Libya's Rich Legacy
A year after Libya's revolution and the death of leader Moammar Gadhafi the country is still struggling in its transition to a democratic and just society. Remembering cultural traditions may help the process. Impressions by Gaia Anderson and Sabine Hartert
Olive trees have been cultivated in North Africa for thousands of years. The oil produced from its pressed fruits is still the main ingredient for Libyan dishes. Traditionally, olive oil was also used for its healing and restorative properties and to keep oil lamps alight.
Between 1912 and 1913, Italy increased its control over Libya by defeating the crumbling Ottoman Empire and annexed the region. By 1914, Italy had completed the occupation and renamed the country Italian North Africa. There are still many remnants of Italian colonization throughout Tripolitania, Cyrenaica and Fezzan, the three regions of today's Libya.
In mid-November, Libya's first elected government was sworn in amid protests in Tripoli and ongoing instability around the country. But there are clear signs of growth and will to restore the economy a little over a year after the death of Moammar Gadhafi. Turkish and Italian companies have been among the first foreign investors to return to do business with the Libyans.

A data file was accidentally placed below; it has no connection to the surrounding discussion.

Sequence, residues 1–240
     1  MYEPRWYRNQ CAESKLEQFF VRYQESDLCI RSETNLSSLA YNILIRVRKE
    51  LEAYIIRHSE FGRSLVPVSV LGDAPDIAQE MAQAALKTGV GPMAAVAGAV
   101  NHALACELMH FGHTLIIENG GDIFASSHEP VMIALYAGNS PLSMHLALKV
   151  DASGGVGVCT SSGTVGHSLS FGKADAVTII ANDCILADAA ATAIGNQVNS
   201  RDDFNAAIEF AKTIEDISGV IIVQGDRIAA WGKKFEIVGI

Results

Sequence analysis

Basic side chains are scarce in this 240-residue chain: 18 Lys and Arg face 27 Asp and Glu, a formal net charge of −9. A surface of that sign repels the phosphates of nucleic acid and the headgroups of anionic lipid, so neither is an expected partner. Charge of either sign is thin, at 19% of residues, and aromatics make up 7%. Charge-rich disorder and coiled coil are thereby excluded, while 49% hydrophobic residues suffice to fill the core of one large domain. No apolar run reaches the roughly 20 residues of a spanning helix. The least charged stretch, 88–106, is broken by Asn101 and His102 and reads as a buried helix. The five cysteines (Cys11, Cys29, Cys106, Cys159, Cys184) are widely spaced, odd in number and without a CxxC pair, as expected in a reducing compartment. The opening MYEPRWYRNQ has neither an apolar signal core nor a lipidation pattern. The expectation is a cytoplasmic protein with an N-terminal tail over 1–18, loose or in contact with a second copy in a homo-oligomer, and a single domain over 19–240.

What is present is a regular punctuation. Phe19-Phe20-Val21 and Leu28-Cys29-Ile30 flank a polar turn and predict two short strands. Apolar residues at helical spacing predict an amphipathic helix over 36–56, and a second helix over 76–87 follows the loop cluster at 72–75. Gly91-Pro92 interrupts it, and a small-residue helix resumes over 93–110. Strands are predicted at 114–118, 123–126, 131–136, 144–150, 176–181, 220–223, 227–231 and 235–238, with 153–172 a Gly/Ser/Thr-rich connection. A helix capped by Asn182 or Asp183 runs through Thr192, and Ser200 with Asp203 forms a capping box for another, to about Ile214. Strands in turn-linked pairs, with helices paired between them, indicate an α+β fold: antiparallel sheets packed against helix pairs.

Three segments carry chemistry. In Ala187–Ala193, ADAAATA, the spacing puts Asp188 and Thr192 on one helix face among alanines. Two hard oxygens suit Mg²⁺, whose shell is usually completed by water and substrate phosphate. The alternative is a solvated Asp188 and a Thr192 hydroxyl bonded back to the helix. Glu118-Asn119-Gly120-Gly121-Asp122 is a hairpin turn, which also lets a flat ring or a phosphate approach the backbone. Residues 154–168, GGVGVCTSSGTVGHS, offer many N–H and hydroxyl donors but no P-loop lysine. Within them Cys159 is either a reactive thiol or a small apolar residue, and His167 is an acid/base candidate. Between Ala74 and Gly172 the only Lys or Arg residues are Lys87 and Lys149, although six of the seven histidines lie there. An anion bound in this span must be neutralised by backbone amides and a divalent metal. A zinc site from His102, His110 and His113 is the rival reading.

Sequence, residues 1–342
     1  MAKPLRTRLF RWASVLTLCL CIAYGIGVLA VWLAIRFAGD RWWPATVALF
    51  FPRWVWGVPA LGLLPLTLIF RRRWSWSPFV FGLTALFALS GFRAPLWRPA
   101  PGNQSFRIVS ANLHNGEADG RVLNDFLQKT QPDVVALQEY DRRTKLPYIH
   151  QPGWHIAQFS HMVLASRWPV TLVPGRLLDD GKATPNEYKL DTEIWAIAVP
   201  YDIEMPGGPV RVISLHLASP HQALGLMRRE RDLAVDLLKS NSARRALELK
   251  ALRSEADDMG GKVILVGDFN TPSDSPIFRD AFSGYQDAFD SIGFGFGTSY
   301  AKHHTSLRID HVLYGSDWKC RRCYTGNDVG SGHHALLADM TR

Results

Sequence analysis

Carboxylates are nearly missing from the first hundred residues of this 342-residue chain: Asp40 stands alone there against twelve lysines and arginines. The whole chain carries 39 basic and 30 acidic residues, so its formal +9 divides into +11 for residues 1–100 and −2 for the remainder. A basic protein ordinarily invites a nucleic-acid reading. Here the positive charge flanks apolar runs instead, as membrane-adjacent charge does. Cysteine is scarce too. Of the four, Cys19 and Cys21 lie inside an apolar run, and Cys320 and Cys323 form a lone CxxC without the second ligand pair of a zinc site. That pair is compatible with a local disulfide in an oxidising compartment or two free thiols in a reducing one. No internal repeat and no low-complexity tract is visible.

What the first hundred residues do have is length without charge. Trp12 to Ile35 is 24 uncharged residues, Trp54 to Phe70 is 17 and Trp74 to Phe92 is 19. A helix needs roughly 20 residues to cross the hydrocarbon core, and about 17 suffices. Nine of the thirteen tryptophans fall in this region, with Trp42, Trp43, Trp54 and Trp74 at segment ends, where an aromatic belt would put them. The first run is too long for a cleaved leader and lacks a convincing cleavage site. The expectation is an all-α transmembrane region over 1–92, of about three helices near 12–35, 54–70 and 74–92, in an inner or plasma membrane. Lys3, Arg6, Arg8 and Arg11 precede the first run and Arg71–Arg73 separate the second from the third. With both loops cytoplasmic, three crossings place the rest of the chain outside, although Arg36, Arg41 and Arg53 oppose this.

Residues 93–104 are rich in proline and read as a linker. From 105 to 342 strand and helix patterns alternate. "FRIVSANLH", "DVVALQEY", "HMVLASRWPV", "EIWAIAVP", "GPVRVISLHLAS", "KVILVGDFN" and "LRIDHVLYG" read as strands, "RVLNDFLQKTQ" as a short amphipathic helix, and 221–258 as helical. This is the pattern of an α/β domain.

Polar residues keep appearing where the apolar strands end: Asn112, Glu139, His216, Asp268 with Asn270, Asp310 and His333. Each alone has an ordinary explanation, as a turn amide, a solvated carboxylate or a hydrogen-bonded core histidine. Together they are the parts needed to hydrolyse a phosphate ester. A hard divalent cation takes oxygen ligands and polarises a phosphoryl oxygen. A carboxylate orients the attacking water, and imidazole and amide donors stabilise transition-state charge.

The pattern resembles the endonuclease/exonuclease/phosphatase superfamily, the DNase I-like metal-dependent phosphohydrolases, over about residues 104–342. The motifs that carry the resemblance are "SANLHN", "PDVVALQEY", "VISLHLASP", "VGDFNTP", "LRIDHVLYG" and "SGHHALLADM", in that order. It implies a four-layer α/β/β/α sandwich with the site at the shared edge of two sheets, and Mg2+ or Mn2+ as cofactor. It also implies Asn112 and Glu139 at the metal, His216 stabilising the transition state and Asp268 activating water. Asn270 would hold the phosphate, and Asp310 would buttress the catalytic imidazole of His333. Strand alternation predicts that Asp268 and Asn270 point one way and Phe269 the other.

Misrata is the third-largest city in Libya and the business hub of the country. The city lies east of Tripoli along the 2000 km-long coastline of Libya. But the sea, aside from Qasr Ahmed's main port activity, has hardly ever been the focus of interest for the Misratis. The long, sandy beaches are littered with abandoned tourist resort-type barracks and decaying boat yards.
Libya still has several nomadic groups that have settled around the main oasis cities in the Fezzan region, like Ghat, Koufra and Ghadames. These are the few areas in the desert where agriculture can thrive. In Ghadames, the date palm plantations not only provide an annual crop of precious fruits, a staple ingredient in the Libyan diet, but also create the necessary shade for cultivating gardens.
In 1986 the medina of Ghadames was added to UNESCO's list of world heritage sites. Referred to as the pearl of the desert, it used to host one of Libya's most multicultural festivals to celebrate the date harvest. Locals hope that tourists and the festival will return, but tensions have caused the Tuareg community to flee taking with them an integral part of what made Ghadames such a diverse city.
Libya represents the meeting point of the Mediterranean and Sahara. The 2000 km-long coastline offers splendidly preserved ancient cities and great potential for development, but roughly 90 percent of the inland regions is desert - a concern for authorities having to deal with desertification and scarce water supplies. To this day, the percentage of protected areas in Libya is extremely low.